(Latin: domus, house)
Architectural term, often used synonymously with cupola.
Strictly speaking it is the external part of the raised covering of which the cupola is the inner; in general it is applied to the entire covering.
It is sometimes used, as in the Italian duomo, to designate a cathedral.
A dome may be of any material and of varied construction.
It is called circular, elliptical, or polygonal according to the figure of the base.
The dome in its primitive form is of great antiquity, but was developed by the Romans and carried to Constantinople, where it became the dominant factor in church architecture.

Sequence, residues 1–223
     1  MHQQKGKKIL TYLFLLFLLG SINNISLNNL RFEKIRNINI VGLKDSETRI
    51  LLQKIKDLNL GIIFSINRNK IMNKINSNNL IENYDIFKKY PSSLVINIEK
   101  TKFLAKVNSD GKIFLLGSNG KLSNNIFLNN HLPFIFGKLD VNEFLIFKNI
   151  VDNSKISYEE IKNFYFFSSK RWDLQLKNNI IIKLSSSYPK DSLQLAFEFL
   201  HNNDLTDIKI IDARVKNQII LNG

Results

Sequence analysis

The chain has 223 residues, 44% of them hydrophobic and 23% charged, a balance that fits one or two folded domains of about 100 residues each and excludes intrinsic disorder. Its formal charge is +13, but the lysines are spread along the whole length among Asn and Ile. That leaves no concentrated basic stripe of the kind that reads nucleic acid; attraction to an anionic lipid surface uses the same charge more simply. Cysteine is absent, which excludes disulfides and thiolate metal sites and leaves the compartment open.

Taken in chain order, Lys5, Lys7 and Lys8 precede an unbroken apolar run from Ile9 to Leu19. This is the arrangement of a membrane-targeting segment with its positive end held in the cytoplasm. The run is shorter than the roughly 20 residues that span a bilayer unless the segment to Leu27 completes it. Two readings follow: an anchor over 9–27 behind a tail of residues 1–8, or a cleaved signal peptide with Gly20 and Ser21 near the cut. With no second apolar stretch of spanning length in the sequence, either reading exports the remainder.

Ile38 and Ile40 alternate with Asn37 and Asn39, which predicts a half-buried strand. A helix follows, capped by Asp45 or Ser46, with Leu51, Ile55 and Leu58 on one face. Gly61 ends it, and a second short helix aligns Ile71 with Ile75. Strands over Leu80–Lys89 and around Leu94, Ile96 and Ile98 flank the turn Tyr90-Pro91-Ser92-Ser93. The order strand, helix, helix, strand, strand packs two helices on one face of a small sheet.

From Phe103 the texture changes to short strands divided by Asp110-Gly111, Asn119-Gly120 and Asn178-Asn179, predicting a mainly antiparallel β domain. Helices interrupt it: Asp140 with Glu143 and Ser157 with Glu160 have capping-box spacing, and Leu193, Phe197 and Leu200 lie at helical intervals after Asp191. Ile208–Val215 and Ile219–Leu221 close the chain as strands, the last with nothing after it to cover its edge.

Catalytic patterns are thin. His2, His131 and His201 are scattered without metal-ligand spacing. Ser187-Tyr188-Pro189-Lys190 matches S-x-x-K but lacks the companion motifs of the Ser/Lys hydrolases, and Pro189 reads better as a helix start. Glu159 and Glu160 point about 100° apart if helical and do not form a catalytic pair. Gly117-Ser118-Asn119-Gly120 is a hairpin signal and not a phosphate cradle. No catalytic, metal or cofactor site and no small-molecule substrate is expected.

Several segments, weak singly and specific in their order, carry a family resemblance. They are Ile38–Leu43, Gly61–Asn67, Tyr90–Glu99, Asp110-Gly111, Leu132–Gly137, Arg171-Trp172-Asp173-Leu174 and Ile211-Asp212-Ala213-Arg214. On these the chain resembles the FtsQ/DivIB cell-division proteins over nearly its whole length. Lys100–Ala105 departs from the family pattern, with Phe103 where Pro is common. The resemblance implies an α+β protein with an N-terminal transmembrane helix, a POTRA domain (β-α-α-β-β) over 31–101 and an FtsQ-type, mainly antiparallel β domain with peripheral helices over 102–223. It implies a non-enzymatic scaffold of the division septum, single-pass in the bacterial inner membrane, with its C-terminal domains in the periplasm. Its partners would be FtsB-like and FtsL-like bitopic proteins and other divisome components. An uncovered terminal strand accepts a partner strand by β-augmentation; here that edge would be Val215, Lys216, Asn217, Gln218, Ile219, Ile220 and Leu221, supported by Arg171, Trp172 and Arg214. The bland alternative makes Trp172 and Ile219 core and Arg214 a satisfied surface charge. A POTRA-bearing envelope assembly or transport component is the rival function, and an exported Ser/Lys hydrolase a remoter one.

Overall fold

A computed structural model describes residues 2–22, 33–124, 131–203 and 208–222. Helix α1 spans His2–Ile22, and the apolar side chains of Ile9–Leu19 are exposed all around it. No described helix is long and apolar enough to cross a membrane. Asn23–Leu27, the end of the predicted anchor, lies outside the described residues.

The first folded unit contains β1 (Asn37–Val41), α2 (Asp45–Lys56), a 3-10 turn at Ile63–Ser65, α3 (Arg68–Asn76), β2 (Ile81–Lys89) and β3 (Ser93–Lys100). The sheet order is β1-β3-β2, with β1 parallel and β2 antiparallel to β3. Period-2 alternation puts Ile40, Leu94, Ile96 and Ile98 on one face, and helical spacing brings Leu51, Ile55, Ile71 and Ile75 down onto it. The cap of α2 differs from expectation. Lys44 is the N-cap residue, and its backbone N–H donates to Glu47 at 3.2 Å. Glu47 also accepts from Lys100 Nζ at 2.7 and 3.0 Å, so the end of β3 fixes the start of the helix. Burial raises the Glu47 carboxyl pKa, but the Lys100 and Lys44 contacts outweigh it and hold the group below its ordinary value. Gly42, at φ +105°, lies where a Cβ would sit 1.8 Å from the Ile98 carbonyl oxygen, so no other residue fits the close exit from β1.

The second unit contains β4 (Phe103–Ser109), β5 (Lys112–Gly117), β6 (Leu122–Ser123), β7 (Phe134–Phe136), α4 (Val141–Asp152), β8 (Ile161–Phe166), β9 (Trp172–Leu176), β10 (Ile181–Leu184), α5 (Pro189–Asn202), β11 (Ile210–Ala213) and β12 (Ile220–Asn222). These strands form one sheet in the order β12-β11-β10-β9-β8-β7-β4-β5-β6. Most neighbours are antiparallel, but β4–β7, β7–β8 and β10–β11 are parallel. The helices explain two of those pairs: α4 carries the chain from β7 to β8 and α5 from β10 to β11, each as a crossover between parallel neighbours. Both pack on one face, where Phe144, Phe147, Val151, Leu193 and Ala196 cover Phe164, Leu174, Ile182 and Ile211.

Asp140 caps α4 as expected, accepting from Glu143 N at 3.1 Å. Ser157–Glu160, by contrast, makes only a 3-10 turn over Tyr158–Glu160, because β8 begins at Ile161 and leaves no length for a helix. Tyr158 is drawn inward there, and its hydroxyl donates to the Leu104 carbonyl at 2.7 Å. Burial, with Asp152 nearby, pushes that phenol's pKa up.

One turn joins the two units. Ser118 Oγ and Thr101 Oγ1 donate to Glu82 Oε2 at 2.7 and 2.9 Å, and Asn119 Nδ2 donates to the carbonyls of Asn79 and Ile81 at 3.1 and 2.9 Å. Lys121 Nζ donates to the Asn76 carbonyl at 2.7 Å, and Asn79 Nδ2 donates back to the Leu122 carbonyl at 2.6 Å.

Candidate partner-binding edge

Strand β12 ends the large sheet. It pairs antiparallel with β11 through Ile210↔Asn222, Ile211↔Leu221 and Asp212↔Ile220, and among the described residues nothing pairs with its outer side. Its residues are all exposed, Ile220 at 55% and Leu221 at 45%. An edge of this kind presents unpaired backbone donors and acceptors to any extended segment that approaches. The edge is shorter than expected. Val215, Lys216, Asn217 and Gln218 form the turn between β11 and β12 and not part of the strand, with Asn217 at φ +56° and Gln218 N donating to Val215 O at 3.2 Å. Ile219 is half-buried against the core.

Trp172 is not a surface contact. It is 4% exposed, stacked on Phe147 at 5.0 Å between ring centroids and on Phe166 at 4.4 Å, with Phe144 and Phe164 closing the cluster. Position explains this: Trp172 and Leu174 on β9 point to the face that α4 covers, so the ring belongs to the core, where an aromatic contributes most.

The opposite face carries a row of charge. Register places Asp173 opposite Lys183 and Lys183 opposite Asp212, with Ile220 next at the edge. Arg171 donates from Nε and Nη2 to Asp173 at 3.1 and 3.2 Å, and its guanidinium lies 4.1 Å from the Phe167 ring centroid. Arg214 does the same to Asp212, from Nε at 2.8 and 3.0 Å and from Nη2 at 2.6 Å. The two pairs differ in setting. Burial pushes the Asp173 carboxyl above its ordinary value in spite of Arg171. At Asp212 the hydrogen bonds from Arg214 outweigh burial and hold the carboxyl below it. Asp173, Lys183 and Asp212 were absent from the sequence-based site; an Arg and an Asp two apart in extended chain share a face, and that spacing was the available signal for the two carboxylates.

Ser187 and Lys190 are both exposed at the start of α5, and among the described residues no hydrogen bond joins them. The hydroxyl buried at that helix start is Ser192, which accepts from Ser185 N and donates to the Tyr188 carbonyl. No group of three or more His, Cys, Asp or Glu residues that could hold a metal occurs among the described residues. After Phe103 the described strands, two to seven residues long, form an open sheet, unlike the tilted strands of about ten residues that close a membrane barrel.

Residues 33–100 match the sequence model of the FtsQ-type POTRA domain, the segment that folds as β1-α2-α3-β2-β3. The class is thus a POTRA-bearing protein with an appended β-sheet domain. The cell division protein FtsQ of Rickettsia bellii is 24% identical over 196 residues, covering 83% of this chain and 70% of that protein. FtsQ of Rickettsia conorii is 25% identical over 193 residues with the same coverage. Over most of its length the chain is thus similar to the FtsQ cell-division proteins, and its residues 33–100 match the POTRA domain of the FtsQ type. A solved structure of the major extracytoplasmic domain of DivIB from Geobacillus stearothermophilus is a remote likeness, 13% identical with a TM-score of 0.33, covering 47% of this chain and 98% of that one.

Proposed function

The Roman dome, of which the Pantheon is the finest example, is a hemisphere supported by a circular wall.
Byzantine domes were placed over square apartments and had no outer covering.
Medieval builders rarely used it except in Spain and Italy.
In English Gothic it became the lantern.
The Saracens use flattened cupolas; the Arabs, a pointed dome.
New Catholic Dictionary